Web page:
The case against the Euro

I am a Euroscpetic. I admire the political will of Europe’s grand designers in creating the Euro, but I have always felt that harmonisation would be a painful process fraught with tension – especially during economic downturns. And so it is today.

As the Euro celebrates its tenth anniversary, the pains that Eurosceptics like myself feared are fully evident in the differing monetary regimes available to the three European bubble economies of the UK, Ireland and Spain. Ireland and Spain were never at the core of Europe and never hoped to be the driving engine for interest rate policy in the Eurozone. Yet, they both joined the Eurozone because their politicians believed the benefits of integration outweighed the economic costs. Ultimately, they believed that harmonisation would eventually bring their economies into line with the core of Europe, France, Germany, Benelux, and Italy.

However, now we are at crossroads. Spain and Ireland, having produced bubble economies due to strong growth, are in need of monetary flexibility at a time when core Europe needs monetary hawkishness. Spain and Ireland have economies that will certainly be dragged under by their housing bubbles, while core Europe needs to keep a watchful eye on inflation. Jean Claude Trichet, the head of the European Central Bank has signaled as much. Over the coming months, this monetary straitjacket will be very painful for those two countries’ politicians to endure.

Contrast this with the UK. An article in today’s Telegraph makes a very compelling case for the benefits of the UK not having joined the Eurozone.

Ten years on, does the UK need to re-visit its decision not to join the single currency. Emphatically not! Just remember 1992, and the trauma of the exchange rate mechanism. Back then, a recession-strapped Britain couldn’t cut rates because – even under ERM – they were effectively set in Frankfurt. For all the pain of Black Wednesday, crashing out of that system was a blessing in disguise.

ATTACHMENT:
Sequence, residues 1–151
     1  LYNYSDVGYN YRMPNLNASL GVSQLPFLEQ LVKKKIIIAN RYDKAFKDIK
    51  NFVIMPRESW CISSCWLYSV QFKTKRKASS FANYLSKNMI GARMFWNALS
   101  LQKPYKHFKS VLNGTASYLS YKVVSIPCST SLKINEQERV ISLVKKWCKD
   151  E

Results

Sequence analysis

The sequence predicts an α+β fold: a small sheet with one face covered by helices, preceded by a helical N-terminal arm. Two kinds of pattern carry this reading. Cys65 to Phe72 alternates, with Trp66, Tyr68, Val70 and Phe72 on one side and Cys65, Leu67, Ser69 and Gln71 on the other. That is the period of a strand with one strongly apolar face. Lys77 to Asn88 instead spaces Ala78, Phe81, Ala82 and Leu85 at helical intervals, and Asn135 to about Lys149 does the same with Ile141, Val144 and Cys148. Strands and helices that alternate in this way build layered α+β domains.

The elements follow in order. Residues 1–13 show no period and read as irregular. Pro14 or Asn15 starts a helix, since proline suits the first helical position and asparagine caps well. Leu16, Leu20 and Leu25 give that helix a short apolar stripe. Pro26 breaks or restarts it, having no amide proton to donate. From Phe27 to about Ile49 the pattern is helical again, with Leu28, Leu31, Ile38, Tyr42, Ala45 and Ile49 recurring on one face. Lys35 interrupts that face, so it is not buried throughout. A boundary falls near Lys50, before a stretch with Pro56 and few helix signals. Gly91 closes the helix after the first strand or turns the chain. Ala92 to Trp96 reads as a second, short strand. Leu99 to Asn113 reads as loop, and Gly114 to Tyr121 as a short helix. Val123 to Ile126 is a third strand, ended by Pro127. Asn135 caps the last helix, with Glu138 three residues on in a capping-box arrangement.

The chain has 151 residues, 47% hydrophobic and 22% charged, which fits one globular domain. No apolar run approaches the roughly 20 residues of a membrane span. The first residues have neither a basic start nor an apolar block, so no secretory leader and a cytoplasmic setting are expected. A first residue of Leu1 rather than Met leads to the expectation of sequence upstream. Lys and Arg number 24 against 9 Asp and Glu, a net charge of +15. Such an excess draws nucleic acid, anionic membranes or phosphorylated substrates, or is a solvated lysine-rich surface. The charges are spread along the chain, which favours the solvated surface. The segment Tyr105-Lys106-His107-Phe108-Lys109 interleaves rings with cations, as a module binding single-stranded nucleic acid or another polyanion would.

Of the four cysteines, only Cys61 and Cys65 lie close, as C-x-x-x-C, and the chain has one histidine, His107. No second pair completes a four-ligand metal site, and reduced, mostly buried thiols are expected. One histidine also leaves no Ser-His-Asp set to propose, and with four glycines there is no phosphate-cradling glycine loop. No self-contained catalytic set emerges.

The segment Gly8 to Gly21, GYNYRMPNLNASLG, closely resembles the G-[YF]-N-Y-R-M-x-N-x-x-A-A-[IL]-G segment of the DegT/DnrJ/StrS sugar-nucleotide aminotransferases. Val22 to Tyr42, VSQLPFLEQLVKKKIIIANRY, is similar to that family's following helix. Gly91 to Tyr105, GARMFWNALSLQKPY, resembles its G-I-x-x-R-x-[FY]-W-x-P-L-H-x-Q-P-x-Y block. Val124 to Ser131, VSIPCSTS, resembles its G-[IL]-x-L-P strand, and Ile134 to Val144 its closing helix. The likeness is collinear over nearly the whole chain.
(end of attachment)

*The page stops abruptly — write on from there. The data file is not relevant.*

And just think what would have happened had we listened to the pro-euro crowd and been part of monetary union since the late 1990s. During 2004 and 2005, while UK rates moved between 4.25 and 4.5 per cent, eurozone rates were held down at 2 per cent – in a bid to kick-start Germany’s then-moribund economy.

Since then, the UK economy has become over-heated. And, of course, the value of property and other assets is only now painfully crashing back to earth.

Yet how gargantuan would that bubble have been, and how enormous the crash when it burst, had UK rates been kept at 2 per cent since early 2006? It’s scary even to think about it. But that’s what would have happened had we joined the euro.
The Telegraph, 8 Jan 2008

Two or three years from now, Ireland and Spain might look with envy at the UK’s decision to stay put and reject the Euro. For now, the UK should be quite satisfied at being master of its own destiny.

  1. Gerb says

    Respectfully, I found this post as weak as the intent behind the fact to demonstrate a rethorical (and widely spreaded now) dissonance.
    Just a bunch of questions now!
    What about you willing to review your post and point out every single point where you were wrong?
    Being eurosceptic is allowed! Would you be more assertive to make it a very point?
    Euro should reajust downward to $ US the coming months. What about other currencies?
    CDS are supposed to total a staggering 50+ trillions $. What size of it is going to K.O. UK, Ireland, Germany and Spain to name just those running the biggests european banks, HF and investments Houses around the Globe?
    HSBC, Barclays, Deutsche Bank, Santander, … (I intentionaly omit BNP Paribas, SGénérale and their alpine counterparts as I suspect that your post were targeting the "Eurocore" as you say)

    PS: I've read some more convincing posts you wrote in this blog, but I can't help thinking that despite tough times to come for the Eurozone, there will be more countries with the € 2 to 5 years from now.

    1. Edward Harrison says

      You may be right about the Euro, Gerb. It is not entirely clear where currencies are headed as much of it has to do with politics and the policy response to this banking crisis.

      I should add that my points regarding Ireland and Spain's desire for an accomodative policy response was well placed. On the whole, the post holds up quite well, actually given it was written in June when the Euro was soaring.

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